Sub-theme 34: Ignorance at Work: How Organizations Strive Not to Know

Justine Grønbæk Pors
Copenhagen Business School, Denmark
Lena Olaison
Copenhagen Business School, Denmark
Birke Otto
European University Viadrina, Germany

Call for Papers

Organizations are marked by ignorance as much as by knowledge. In our daily lives, we constantly encounter situations in which we do not draw on available information (March, 1978). Such practices of ignoring the obvious have been conceptualised as stupidity (Alvesson & Spicer, 2012), blindness (Baker & Kelan, 2018; DeKlerk, 2017; Fotaki & Hyde, 2013), inefficiency (Sydow et al., 2009), inertia (Tripsas & Gavetti, 2000), or generally incompetence. Yet, as Mary Douglas has shown, excluding something or someone from one’s reality by ignoring it, is often a way of dealing with anomalies or threats that have the capacity to ‘pollute’ and thereby destabilize an existing order (Douglas, 1967). Not surprisingly in organizations we constantly stumble upon instances of looking the other way, diverting attention, denying or actively avoiding uncomfortable matters and alternative understandings. Organizing practices require us to avoid talking about the elephant in the room and ‘knowing what not to know’ (Taussig, 1998).
Ignoring what is obvious is crucial to maintain and protect the certainty, morality, confidence, and propriety that ensure organizational functioning (Douglas, 1967). For example, scientists intentionally blind themselves in experimental settings to reduce their own biases (Polit et al., 2011). Other studies show organizations develop forms of ‘inattentiveness’ to information that questions their ideas, practices or moral valuations (Knudsen, 2011). However, while ignoring might be necessary for organizing, strategic ignorance can also be a tactic to mobilize and exploit unknowns to avoid liability for earlier actions (McGoey, 2012). We see this in ongoing corporate scandals such as whitewashing in the financial sector, as well as governments and corporations inability to act on societal challenges such as climate change and global inequality. But, even ‘legitimate’ acts of ignoring may have many unintended and perhaps unjust consequences. The unspoken presence of what is obvious can come back to haunt and disturb organizing processes in unexpected ways, causing discomfort, confusion and ambiguity (Pors, 2017; Pors et al., 2019). Finally, like whistleblowers who publicly reveal what many of us know already, unmasking a public secret is a political act to point to certain injustices of a given situation (Kenny, 2019; Radcliffe, 2008).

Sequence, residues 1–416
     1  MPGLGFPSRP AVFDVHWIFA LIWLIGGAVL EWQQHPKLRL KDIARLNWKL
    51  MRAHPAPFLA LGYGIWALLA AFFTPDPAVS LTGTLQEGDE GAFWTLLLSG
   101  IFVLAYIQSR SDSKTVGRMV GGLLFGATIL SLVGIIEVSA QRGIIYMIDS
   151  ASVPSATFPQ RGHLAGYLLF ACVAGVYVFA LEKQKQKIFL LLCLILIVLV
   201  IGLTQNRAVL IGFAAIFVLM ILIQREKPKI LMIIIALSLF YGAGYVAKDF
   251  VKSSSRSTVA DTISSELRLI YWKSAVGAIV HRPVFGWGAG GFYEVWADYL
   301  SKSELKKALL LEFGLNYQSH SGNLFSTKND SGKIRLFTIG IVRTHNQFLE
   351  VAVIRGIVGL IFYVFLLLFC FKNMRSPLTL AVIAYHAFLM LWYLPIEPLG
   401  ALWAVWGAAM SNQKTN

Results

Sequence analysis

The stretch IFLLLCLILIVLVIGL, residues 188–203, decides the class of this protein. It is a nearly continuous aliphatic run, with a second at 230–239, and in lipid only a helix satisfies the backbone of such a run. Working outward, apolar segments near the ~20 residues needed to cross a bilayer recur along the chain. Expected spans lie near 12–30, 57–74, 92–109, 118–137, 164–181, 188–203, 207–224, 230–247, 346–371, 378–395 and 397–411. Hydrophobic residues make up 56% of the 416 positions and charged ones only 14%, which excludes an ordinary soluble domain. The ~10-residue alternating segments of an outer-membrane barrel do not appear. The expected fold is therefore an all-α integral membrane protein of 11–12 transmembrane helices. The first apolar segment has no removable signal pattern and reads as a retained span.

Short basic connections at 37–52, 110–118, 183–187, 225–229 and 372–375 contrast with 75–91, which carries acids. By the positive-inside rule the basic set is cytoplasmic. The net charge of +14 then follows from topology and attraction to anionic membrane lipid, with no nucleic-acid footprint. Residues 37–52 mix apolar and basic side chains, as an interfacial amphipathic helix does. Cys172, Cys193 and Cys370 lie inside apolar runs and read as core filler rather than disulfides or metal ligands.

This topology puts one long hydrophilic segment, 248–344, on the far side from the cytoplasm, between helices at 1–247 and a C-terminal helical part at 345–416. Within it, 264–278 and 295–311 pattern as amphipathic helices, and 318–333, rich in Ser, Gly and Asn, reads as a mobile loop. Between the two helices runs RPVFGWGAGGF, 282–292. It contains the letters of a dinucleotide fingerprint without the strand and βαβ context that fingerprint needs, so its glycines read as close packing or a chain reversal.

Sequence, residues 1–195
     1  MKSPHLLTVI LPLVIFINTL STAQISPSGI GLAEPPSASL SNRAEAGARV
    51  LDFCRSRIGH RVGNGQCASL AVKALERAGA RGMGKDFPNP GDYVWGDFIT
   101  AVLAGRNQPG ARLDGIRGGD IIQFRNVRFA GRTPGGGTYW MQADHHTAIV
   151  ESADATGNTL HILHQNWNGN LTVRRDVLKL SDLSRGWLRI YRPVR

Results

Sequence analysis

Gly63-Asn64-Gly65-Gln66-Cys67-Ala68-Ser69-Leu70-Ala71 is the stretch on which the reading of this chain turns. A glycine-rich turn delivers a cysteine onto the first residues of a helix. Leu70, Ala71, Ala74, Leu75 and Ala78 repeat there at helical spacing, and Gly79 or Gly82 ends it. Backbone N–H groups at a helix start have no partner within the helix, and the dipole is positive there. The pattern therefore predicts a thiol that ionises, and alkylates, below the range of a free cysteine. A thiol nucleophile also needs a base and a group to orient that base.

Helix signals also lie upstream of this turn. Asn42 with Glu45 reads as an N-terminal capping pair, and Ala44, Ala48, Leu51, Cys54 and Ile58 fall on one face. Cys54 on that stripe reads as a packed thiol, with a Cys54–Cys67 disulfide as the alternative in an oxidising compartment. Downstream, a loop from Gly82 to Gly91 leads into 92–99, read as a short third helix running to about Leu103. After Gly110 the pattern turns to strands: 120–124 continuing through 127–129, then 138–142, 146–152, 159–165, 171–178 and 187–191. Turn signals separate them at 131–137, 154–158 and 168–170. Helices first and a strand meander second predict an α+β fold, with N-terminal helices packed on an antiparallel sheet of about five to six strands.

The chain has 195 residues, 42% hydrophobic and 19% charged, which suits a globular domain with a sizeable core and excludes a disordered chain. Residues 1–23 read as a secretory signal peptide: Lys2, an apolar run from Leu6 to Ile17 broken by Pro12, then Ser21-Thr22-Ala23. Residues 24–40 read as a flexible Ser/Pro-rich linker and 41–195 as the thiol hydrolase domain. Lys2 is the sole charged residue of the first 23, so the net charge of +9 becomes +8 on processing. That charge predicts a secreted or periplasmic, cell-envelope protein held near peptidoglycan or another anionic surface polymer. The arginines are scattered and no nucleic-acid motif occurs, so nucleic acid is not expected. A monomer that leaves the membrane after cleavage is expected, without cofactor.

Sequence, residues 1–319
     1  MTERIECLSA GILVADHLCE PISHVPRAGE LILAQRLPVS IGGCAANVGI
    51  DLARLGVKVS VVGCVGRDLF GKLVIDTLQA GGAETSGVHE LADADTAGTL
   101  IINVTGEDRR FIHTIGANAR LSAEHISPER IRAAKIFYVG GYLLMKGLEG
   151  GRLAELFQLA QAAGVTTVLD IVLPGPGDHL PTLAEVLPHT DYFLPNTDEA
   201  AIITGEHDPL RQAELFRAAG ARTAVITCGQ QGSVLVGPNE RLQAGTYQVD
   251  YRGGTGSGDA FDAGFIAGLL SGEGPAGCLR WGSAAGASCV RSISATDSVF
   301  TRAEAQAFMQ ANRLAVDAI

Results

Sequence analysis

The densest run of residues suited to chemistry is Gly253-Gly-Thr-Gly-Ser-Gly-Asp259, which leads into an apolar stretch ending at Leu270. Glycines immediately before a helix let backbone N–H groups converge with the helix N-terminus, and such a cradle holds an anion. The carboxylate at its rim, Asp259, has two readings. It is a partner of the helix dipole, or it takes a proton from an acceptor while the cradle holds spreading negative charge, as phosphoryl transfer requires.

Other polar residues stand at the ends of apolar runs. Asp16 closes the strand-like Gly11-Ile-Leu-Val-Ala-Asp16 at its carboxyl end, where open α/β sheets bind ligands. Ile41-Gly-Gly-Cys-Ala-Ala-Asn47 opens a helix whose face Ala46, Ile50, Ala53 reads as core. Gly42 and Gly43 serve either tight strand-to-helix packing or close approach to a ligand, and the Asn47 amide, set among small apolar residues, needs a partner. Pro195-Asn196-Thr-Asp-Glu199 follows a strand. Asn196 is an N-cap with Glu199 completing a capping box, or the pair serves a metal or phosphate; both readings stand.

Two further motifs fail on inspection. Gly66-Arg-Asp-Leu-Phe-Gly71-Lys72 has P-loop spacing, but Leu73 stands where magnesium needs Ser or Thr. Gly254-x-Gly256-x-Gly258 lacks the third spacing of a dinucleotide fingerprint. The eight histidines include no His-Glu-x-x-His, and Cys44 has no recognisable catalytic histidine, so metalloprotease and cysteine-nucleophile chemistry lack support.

In this sub-theme we explore ignorance not as the opposite of knowledge, but as a practice of ignoring that is productive and unproductive in its own right. It can be a standardized and institutional practice, but it can also be a more informal and intangible process that lies under the radar of official or managerial control. These practices are more than deliberate action. They constitute collective, embodied and sensuous acts of unseeing (Otto et al., 2018; Zerubavel, 2008) that are embedded in complex socio-political environments (Proctor, 2008: 9; Smithson, 1989; Stel, 2016).
Our aim in this sub-theme is to explore the status, practice, context and consequence of ignoring uncomfortable matters as an organizational practice. We are interested in the multiple levels that make ignoring possible, including affects, cultural norms and the political economy of organizations. We aim to collect and connect conceptual and empirical studies of collective ignoring that show that although ignorance is a ubiquitous part of organisational life, it takes work and effort to produce and sustain it. We also strive to bring out the different political consequences of organized ignorance, particularly when considering that organisations are not islands, but connected to societies and environments.
Papers may address issues related (but not limited) to the following topics:

  • Affects and emotions: ignoring as an embodied and sensuous activity

  • Methodology: how to study the imperceptibility of ignorance

  • Temporal aspects of ignoring: Ignoring the past, gendered histories; post-colonial histories

  • Ignorance as paralysis: (not) facing obvious challenges such as climate change, social injustice